The R. J. Enstrom Corporation was established in 1959 to develop an experimental light helicopter designed by Rudolph J. Enstrom. The prototype made its maiden flight in November 1960. Production of the F‑28 two‑seater began in 1963 and a limited number were built before the improved Model F‑28A appeared in 1968. This was followed shortly afterwards by the F‑28B derivative, which had a piston engine with a turbocharger, and by the T‑28 with a turbine engine.
In October 1968, the company was acquired by the Purex Corporation who then sold all its interest in Enstrom to F. Lee Bailey in January 1971, at which time production of the F‑28A was resumed. By the end of 1977 over 500 had been produced. Although not an innovative aircraft, the F‑28A performed well due to its light structure and clean lines. The extensively‑glazed forward section of the fuselage accommodated the pilot and two passengers on a single bench seat.
The power plant ‑ a 205 shp Lycoming HIO‑360‑ClB driving a three‑blade, articulated metal rotor by means of a simple transmission system ‑ is installed at the center of the fuselage. There are two fuel tanks with a total capacity of 115 liters (25.3 gallons). The semi monocoque aft fuselage section has a small vertical fin and two blade light alloy tail rotor.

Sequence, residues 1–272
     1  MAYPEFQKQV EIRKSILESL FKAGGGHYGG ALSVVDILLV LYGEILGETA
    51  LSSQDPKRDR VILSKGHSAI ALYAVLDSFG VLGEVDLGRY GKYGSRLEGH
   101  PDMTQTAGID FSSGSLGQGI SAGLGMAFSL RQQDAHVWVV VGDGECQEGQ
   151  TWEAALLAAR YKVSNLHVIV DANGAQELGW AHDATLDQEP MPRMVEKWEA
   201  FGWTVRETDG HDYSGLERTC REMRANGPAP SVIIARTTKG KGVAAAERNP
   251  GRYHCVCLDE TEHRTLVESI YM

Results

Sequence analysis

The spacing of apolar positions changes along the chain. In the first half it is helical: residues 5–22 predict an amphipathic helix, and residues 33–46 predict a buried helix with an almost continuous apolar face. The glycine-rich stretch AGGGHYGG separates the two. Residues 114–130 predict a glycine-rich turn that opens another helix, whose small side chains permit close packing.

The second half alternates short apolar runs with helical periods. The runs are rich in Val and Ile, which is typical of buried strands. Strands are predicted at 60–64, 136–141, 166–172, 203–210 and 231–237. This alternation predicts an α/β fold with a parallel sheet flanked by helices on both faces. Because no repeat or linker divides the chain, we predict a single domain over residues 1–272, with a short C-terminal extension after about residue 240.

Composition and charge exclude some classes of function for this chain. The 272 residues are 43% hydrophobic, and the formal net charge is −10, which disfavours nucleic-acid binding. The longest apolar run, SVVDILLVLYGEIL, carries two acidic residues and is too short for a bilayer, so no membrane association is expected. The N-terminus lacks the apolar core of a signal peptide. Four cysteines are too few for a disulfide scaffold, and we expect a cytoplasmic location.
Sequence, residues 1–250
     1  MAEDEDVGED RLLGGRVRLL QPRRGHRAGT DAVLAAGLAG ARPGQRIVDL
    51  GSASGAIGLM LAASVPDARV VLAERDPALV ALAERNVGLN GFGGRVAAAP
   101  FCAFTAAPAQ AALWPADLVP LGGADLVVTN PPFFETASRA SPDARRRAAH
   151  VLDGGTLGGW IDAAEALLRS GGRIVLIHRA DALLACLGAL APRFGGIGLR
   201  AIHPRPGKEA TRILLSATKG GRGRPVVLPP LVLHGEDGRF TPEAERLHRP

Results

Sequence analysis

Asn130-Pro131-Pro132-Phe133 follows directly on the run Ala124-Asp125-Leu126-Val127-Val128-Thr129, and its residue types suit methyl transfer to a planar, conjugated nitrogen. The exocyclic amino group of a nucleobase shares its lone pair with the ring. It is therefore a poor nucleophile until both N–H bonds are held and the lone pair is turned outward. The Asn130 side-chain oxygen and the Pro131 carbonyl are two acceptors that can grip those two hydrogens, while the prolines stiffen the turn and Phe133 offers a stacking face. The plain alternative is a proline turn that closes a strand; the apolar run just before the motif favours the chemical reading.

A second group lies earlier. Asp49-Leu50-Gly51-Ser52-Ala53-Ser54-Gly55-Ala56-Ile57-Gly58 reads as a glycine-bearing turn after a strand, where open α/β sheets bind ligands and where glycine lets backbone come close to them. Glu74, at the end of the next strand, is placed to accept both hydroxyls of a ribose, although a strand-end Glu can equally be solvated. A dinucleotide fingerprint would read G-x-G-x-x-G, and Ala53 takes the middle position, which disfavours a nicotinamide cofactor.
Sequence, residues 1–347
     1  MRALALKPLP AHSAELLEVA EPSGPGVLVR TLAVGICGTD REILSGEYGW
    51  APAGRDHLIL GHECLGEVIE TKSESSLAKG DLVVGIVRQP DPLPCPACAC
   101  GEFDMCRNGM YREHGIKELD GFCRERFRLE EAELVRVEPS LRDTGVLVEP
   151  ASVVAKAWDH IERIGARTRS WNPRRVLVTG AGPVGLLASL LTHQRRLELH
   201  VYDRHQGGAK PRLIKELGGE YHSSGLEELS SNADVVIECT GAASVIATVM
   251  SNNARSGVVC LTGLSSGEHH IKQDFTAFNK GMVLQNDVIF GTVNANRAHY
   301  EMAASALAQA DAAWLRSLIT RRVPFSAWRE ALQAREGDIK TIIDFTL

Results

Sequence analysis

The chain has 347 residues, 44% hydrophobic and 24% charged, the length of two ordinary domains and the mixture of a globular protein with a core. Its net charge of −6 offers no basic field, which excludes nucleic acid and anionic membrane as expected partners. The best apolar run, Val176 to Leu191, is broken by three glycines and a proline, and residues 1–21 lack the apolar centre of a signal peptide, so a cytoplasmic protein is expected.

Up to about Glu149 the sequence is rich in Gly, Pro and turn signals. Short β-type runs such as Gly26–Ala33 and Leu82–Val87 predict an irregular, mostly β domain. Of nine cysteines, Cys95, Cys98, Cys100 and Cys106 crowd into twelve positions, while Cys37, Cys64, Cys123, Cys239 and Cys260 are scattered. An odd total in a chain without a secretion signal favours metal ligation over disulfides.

The Museum aircraft, Serial # 5, was the second production helicopter built by Enstrom, in August 1966 and originally given an experimental certificate on October 17, 1966. It was flown down to Detroit and exhibited in a trade show, where it won an award for the best 1966 product design in Michigan, beating out the Ford Mustang. It was leased to an operator in Vancouver, B.C. in January 1967 and returned to the factory in Menominee, Michigan in March of that year.
In April 1967 it was modified and competed in Army trials for a new training helicopter. The original F-28 had no skylight or lower chin windows. Modifications for the Army competition included chin windows and a center pedestal instrument panel. In January 1968 the instrument panel was changed back and skylights installed. In September 1967 ownership was transferred to Airesearch Corp. where it had an Allison turbine engine installed and was operated as a "test bed" called the T-28 Prototype. In 1973 the aircraft was transferred back to Enstrom and remanufactured as a F 28-A, its present configuration. In November 1975 it was sold to Executive Helicopters in Chicago and was used by a radio station traffic patrol until 1988, flying some 8,000 hours.